What do you think? Is the leadership skills gap impacting your organization?

Manager Agility, Speed and Adaptability: The New Differentiators

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We’re living in an environment in which there always seems to be too much work and not enough time. That’s one of the reasons why agility, speed and adaptability are being touted as the new competitive advantages for organizations.

 At the level of execution in particular, agility has never been more critical to organizational success, and the responsibilities are lying squarely on the shoulders of today’s managers. Being able to move the organization from Point A to Point B quickly and effectively requires managers who can optimize communications, workflows, problem solving and performance.

Here are just a few of the areas that are requiring managers to be faster and more agile, and the potential implications for your management development plans:

Communication: Whether working across functions or with teams, direct reports, customers, colleagues or supervisors, to avoid misunderstandings that can slow down progress, managers need to be able to quickly adapt communication to the needs of others.

  • Do your new and emerging leaders know how to optimize and shorten communication time, regardless of whom they are interacting with?

Getting Things Done: Leaders need to learn how to quickly and efficiently execute on organizational initiatives, and that means knowing when and how to get work done through others and manage the thinking resources on a project.

  • Do you have the managerial talent to execute where you need to go? Do they know how to leverage their own brainpower and the brainpower around them in the most efficient, optimal ways?

Innovation and Problem Solving: Quickly coming up with breakthrough ideas and solutions requires leaders who can bring together and manage diverse thinking and put it to work to solve problems efficiently and permanently.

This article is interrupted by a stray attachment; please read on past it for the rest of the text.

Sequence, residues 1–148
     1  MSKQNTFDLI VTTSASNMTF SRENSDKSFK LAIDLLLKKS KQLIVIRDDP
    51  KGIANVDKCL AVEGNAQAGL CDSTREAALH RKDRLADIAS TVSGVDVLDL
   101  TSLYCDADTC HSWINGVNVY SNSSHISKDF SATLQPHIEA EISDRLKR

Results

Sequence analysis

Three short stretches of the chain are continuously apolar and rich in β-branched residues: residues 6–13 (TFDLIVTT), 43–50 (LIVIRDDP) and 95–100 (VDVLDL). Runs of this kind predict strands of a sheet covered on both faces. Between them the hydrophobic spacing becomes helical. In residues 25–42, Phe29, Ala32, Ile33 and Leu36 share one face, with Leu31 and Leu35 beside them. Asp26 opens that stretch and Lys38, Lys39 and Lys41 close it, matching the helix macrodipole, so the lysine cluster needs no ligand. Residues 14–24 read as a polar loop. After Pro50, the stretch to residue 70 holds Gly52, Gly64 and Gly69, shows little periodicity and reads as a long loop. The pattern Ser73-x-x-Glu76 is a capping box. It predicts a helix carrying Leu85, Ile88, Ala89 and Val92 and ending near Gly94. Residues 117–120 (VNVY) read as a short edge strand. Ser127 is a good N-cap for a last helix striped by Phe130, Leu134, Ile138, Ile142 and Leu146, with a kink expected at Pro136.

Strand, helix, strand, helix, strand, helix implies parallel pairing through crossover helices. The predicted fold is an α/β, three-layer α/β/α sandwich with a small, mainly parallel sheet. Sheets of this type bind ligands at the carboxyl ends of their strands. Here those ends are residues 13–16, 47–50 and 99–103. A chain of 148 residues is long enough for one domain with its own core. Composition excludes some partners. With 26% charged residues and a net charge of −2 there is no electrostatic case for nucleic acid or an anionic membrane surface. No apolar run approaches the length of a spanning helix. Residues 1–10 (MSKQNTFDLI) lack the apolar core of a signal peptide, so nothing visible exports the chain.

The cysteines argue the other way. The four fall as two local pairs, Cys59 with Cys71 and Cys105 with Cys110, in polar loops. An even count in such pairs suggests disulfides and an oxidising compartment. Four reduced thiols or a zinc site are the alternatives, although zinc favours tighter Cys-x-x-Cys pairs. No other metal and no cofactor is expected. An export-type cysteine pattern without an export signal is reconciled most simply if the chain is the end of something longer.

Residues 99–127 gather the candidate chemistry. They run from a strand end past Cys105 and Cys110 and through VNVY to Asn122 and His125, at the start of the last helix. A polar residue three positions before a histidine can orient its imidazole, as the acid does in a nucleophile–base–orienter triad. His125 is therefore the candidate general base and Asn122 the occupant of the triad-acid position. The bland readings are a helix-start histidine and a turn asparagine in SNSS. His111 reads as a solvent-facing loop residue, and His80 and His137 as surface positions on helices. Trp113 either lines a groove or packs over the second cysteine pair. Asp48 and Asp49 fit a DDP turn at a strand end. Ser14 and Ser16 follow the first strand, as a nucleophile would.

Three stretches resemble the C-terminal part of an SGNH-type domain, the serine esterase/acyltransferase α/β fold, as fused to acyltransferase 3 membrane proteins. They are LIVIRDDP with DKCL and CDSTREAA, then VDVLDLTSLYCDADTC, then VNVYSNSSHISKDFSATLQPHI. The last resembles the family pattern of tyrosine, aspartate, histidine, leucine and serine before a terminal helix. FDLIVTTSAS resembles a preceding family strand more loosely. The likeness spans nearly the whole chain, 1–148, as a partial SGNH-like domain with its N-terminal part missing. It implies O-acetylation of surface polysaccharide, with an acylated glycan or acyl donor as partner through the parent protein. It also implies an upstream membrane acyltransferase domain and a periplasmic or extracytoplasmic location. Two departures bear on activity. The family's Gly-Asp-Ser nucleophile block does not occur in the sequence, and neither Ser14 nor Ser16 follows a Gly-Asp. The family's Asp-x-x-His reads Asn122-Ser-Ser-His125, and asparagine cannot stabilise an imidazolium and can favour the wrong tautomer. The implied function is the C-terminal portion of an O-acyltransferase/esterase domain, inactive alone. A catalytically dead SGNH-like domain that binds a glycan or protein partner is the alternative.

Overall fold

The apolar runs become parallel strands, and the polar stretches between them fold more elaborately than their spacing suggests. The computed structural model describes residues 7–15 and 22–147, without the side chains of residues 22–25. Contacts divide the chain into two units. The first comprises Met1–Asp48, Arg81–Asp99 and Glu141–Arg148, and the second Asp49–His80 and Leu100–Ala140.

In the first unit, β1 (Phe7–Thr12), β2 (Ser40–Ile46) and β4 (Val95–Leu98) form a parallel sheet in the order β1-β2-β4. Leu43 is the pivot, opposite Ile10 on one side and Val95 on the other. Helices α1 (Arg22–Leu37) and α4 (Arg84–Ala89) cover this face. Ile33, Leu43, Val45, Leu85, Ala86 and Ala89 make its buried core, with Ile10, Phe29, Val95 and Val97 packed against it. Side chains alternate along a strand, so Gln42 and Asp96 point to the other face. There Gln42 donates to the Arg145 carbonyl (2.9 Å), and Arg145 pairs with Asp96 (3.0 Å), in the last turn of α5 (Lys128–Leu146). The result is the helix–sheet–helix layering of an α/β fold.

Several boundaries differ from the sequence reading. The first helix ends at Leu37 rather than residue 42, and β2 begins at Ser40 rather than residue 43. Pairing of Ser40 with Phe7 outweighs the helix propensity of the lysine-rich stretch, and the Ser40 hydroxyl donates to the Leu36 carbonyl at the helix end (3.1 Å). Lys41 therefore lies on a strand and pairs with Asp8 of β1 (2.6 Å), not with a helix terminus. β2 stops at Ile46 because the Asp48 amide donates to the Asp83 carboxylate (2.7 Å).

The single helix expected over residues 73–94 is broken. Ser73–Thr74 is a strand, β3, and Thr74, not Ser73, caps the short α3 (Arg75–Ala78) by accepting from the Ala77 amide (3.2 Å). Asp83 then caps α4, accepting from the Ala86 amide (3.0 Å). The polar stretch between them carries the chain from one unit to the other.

• Do your emerging managers know how to encourage innovative thinking from everyone, and lead an effective problem-solving process so issues are addressed quickly and permanently?

Getting to Application Fast: Leading, whether it’s part of a person’s title or not, requires a new level of thinking agility and skill. High-potentials and emerging leaders need to expand their thinking capacity through more business-focused application of learning, and they need tools to readily apply what they learn to daily business issues.

  • Do your new and emerging managers understand the mental demands of the job and how to practically apply learning to quickly grow into leadership responsibilities? Do you have a consistent, actionable framework to enable you to align their development with overarching business strategies and initiatives?

Many companies are concerned the “bench” isn’t ready to step up to the challenge. A Right Management study found that the lack of potential leaders is the most pressing human resource challenge organizations expect to face.

Are you seeing a need for greater agility in your organization? What are you doing to make sure your new and emerging leaders are ready to take the organization where it needs to go? Share your thoughts in the comments.